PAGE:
Here is the less-popular answer: really good content is neither cheap, nor easy to produce. Great writing, great video, great thinking – these all come at a price and take some time.  When you give someone 24 hours to respond to a brief and demand “their best thinking” you’re fooling yourself. You’ll get their 12-hour thinking at best.  If you want to shoot a mini-doc in three cities, there are hard costs associated with that. You can try to squeeze your partners on price and time, but in the end, you cannot complain about not getting the best work. A senior leader at a former job once asked me, “The client is willing to pay $8K/minute for really, really great video. Like feature-film quality. Can you go away and make that happen?” I thought, “Yeah, and I’m willing to stop eating exactly 2 candy bars a month to look like Heidi Klum.” For the record, that client never showed any real interest in video and my non-Heidi-Klum-looking self is, at this very moment, eating a chocolate chip cookie for lunch.

LBB>How do you balance planning and implementation of cross-border branded content campaigns between ‘local’ offices and ‘head office’? 
There are many models for this and they all can be successful depending on the desired outcome. Some agencies use an HQ-origination/regional adaptation model. This can work but only if there is some flexibility for the regional markets to do more than just translate copy and truly adapt copy, imagery, etc. for the local market. We have found that sometimes this model will work for us, but in some cases, a transcreation model, where we recreate the content in another language, may be necessary. This is best for written content when a destination language is structurally or idiomatically very different from the original, to ensure the best chance of conveying the true meaning and intent, not just words. Video can be more challenging and sometimes requires handling spoken lines as voiceovers so that they are easily recorded in different languages and layered in during post. Whatever the approach, the mistake is not weighing from the start the importance of centralized control vs. the level to which the content must feel relevant to local audiences. These two things are sometimes at odds with each other, but that balance should dictate the approach you take; thinking about it up front avoids a lot of scrambling, stakeholder disagreement and wasted budget later on.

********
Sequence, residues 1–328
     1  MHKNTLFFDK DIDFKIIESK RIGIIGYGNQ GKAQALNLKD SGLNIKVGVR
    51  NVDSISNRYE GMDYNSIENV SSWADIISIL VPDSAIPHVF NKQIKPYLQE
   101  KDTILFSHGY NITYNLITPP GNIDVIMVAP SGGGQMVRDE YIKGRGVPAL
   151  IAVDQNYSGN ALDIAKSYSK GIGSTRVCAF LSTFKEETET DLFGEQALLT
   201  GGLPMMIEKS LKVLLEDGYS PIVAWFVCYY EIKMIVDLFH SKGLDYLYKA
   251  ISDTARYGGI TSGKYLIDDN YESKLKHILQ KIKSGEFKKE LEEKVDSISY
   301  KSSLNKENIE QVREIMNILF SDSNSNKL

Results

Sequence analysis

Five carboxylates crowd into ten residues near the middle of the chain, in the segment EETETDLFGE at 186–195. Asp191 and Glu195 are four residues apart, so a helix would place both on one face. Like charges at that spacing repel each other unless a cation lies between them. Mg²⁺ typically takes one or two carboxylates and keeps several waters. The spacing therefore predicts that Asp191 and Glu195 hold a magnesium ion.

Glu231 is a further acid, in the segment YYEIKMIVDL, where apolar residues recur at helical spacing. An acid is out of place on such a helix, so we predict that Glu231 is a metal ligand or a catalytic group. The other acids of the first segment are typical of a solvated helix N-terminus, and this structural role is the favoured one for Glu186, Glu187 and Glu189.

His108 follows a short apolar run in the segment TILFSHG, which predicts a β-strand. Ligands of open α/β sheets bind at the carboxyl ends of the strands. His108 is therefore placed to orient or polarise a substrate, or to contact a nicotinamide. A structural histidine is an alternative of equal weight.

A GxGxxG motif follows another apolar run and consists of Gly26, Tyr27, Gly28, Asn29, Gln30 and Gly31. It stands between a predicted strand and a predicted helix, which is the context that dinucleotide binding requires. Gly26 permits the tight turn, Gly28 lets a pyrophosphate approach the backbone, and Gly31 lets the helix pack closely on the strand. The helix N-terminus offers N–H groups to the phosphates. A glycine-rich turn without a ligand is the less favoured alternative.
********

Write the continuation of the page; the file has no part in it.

LBB>What is the key to finding a content marketing idea that can translate across borders?
Diversity of input. We have seen epic fails over the years, and not just in marketing, where ideas have been mocked or outright rejected. Everyone knows the story of the Chevy Nova and the Jenner-Pepsi fiascos. And every time a French-speaking country hosts an Olympic games, the acronym for their Comité d’Organisation des Jeux Olympiques” apparently makes those from Latin-American countries emit a lewd snicker. By having more culturally diverse creatives, strategists and account people at agencies and brands, and by focus grouping and testing with more diverse panels, we run a better chance of ensuring our ideas are globally resonant and do not, in the worst case, inadvertently offend or exclude.

LBB>Your favourite app for work? And for leisure/personal use?
This is going to be incredibly dull. For work: Google hangouts. We are a distributed global organization and use a lot of the Google suite to facilitate our work. Hangouts app lets me be flexible about meeting times with teams around the world. For personal use, I have three: Spotify, Kindle and The Economist app. I know the last one sounds like a shill, but the audio capability lets me listen to the entire weekly publication as a podcast, which is handy in a crowded subway car. Together the three make my hour-long commute both pleasant and productive.

LBB>Who are your creative heroes and why?
Da Vinci is one. Cliché, I know, but I marvel at minds that marry seemingly whimsical imagination with the precision of mathematical and engineering enablement. The Leicester Codex is engrossing and it’s magical to think that came from the same mind as Mona Lisa, The Last Supper, or Head of a Woman. The DaVinci museum in Amboise, where they have built models of Da Vinci’s inventions from his blueprints is the kind of place that fills me with wonder. For the time, the machines seem incredulous and yet many of the models work. It’s a reminder that function and creativity are not, by rule dichotomous. 

LBB>Your guilty pleasure?
Do people seriously have only one? Anything fried. Young adult fiction. “The Voice”. Make up application videos on YouTube. The list goes on; don’t judge me. Yes, I see the irony in that statement. 
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Genres: Music & Sound Design, People, Tue, 30 Jan 2018 14:38:17 GMT